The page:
Chapter 138 Vitex agnus castus (Chaste Tree)
Vitex agnus castus, also known as chaste tree, is a shrub with finger-shaped leaves and slender violet flowers. It grows in creek beds and on river banks in valleys and lower foothills in the Mediterranean and Central Asia. The plant blooms in high summer and, after pollination, develops dark-brown to black fruit the size of peppercorns. The fruit possesses a pepper-like aroma and flavor. The ripe, dried fruit of V. agnus castus is the part of the plant used in medicinal preparations today.1
The fruit of Vitex contains essential oils, iridoid glycosides, and flavonoids.2 The essential oils include limonene, 1,8-cineole, and sabinene.3 The primary flavonoids are castican, orientin, and isovitexin. The two isolated iridoid glycosides are agnuside and aucubin (Figures 138-1 and 138-2).4 Agnuside serves as a reference material for quality control in the manufacture of Vitex extracts, although the flavonoid casticin appears to be the most active component.
The genus name Vitex is derived from the word vitilium, which means “plaiting.” The flexible but tough and hard branches were used to construct fences. Plinius, in the first century AD, made the earliest reference to the plant as Vitex. The species name agnus castus originates from the Latin castitas (“chastity”) and the equating of the Greek agnos with the Latin agnus (“lamb”).
The English name for V. agnus castus, “chaste tree,” is derived from the belief that the plant would suppress libido in women who took it. In Greek cities, festivals in the honor of Demeter included a vow of chastity by the local women. The Roman Catholic Church in Europe developed a variation on this theme by placing the blossoms of the plant in the clothing of novice monks to supposedly suppress libido. Interestingly, another common name for V. agnus castus, “monk’s pepper,” derived from the fact that monks in southern Europe commonly used the fruit as a spice in their cooking.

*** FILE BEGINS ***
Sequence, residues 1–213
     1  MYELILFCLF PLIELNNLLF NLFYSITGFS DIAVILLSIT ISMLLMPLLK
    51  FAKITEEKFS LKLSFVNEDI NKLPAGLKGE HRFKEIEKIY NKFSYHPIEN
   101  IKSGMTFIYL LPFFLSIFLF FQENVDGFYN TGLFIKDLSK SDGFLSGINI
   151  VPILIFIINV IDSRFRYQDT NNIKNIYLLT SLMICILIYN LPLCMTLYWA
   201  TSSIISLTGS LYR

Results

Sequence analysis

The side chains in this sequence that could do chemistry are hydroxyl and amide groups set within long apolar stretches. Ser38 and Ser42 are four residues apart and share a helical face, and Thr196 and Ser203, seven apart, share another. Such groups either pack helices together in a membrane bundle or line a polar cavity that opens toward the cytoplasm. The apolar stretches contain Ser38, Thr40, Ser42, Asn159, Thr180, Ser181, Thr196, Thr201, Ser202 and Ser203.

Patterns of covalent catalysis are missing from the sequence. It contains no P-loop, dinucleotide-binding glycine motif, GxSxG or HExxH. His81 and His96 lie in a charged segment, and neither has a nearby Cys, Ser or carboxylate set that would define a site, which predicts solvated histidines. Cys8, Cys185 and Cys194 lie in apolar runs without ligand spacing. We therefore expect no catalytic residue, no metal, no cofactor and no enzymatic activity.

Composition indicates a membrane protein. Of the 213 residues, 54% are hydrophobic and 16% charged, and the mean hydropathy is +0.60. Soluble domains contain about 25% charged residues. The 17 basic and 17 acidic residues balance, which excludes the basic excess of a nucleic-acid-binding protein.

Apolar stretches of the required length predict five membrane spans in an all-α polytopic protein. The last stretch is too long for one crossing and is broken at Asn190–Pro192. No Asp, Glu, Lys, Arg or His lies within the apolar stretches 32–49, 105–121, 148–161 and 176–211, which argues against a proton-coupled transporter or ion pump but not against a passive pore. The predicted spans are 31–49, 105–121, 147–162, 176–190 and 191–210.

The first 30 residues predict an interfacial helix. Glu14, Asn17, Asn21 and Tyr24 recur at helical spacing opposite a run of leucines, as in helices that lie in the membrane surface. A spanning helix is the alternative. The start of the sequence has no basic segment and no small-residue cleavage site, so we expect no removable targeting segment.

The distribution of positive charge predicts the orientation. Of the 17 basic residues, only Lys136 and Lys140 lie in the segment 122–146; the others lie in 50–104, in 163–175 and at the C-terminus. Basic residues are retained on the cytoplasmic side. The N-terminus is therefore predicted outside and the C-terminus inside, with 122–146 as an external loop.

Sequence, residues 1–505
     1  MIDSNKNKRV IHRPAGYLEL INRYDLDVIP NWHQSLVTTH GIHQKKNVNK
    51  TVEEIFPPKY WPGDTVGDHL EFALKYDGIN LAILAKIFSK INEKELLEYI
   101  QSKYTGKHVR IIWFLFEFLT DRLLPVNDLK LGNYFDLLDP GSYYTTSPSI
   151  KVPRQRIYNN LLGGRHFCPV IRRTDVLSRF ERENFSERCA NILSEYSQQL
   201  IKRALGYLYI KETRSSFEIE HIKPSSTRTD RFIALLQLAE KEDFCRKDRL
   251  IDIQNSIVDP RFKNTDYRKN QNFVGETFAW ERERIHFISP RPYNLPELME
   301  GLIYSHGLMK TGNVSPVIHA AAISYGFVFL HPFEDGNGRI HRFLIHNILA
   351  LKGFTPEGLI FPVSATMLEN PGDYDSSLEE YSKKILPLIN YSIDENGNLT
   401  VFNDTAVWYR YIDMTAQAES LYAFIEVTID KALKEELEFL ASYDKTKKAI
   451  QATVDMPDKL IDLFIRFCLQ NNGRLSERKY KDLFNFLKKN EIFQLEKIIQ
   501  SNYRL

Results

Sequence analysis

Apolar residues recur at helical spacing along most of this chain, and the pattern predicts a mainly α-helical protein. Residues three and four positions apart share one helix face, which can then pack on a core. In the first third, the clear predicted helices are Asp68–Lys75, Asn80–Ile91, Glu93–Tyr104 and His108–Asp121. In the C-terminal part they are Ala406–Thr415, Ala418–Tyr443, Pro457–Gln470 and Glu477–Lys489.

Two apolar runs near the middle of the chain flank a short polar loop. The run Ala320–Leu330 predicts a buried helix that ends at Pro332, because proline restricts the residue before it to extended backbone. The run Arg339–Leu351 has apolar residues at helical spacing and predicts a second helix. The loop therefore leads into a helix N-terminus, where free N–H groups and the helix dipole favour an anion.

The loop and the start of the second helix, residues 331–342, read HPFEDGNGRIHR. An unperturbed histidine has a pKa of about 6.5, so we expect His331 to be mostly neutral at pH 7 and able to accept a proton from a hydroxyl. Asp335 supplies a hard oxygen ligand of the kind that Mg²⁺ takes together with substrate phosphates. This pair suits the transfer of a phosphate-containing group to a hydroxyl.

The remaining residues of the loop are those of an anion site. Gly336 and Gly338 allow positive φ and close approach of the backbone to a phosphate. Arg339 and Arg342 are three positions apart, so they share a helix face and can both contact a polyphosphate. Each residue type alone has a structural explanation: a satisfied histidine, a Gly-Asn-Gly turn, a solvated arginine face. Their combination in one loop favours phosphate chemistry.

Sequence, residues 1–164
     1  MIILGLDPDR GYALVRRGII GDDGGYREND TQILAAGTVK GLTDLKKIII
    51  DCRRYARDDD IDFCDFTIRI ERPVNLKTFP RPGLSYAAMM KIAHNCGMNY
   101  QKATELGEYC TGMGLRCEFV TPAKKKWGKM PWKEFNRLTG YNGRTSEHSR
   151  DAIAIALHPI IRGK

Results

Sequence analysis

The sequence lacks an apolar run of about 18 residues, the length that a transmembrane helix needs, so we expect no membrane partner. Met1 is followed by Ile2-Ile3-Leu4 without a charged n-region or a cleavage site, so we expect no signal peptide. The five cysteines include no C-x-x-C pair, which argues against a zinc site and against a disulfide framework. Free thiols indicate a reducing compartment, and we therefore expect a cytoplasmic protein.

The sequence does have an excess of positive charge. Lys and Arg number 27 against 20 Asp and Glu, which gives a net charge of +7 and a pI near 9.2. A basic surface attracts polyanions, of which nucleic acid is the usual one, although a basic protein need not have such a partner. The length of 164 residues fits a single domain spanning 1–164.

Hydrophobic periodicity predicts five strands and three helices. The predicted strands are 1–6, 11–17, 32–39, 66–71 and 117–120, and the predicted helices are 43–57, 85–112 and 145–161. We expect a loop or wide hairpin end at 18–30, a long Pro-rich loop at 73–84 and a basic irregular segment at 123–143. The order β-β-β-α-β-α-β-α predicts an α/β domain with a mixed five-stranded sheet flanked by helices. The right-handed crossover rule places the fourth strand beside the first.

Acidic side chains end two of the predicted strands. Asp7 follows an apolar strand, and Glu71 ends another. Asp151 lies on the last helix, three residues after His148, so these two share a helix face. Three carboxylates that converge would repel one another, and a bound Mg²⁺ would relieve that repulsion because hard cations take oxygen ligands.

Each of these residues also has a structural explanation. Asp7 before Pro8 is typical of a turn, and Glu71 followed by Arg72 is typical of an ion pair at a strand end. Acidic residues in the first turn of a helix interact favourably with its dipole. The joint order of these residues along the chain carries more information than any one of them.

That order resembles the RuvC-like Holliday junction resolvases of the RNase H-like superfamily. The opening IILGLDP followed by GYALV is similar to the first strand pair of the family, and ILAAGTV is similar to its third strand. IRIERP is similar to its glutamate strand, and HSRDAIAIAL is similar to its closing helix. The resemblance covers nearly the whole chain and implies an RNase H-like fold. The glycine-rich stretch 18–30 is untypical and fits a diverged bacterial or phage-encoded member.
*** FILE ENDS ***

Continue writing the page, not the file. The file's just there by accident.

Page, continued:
Vitex acts on the hypothalamic-pituitary axis. One observed effect is that it increases the production of luteinizing hormone (LH) (Figure 138-3), resulting in a corpus luteum–like hormonal effect that shifts the estrogen/progesterone ratio in favor of progesterone.5 The ability of Vitex to increase or modulate the body’s progesterone levels is therefore an indirect effect and not a direct hormonal action.6
Vitex also modulates the secretion of prolactin from the pituitary gland. In studies with rats, it was shown to inhibit prolactin release by the pituitary gland, particularly in conditions of stress. The mechanism of action appears to involve the ability of Vitex to directly bind dopamine receptors and subsequently inhibit prolactin release in the pituitary.7,8 The flavonoid casticin appears to be responsible for this antihyperprolactinemia effect.9 Vitex also possesses significant antioxidant effect.10,11
The causes of menstrual disorders are multifaceted and can vary greatly in their manifestations. Frequently, therapeutic interventions must be used on a trial-and-error basis over a number of menstrual cycles to determine their efficacy. Nutritional interventions like vitamin B6, magnesium, and vitamin E, as well as evening primrose oil for cyclic mastalgia, have all shown greater efficacy when used over several months. This characteristic reflects the gradual balancing effect that many of these interventions have on the female hormonal system. Vitex certainly fits this mold.
The majority of earlier clinical studies completed with Vitex were uncontrolled studies with large populations of female patients in European gynecology practices. Vitex, which has a Commission E Monograph in Germany, is commonly used in these practices as an initial intervention in a number of menstrual disorders, as follows:
Corpus luteum insufficiency (also referred to as luteal phase defect) is a manifestation of suboptimal ovarian function. In laboratory terms, corpus luteum insufficiency is usually defined as an abnormally low progesterone level 3 weeks after the onset of menstruation (serum progesterone below 10 to 12 ng/mL). This state is normal during puberty and at menopause; however, it is usually considered abnormal in women between the ages of 20 and 40 years.12
Corpus luteum insufficiency points to abnormal formation of ovarian follicles, an abnormality that may be so pronounced that no secondary or tertiary follicles are produced, with a resulting lack of ovulation (anovulation). Corpus luteum insufficiency also leads to a relative deficiency of progesterone. Insufficient levels of progesterone may also result in the formation of ovarian cysts.
Corpus luteum insufficiency may give rise to a myriad of menstrual abnormalities. Table 138-1 lists the most common clinical conditions in 1592 women diagnosed with corpus luteum insufficiency. Foremost are hypermenorrhea (heavy periods), polymenorrhea (abnormally frequent periods), and persistent anovulatory bleeding. Secondary amenorrhea (lack of a period) may sometimes be observed in women with corpus luteum insufficiency.
|DIAGNOSIS||NO. OF PATIENTS||PERCENTAGE OF TOTAL|
|Persistent anovulatory bleeding||216||13.6|
|Irregular menstrual cycles||32||2.0|
Disturbances of other hormones may also be associated with corpus luteum insufficiency. One study found hyperprolactinemia in 70% of cases.13 Also noted is an exaggerated response to the thyroid-releasing hormone test, which is associated with manifest or latent hypothyroidism.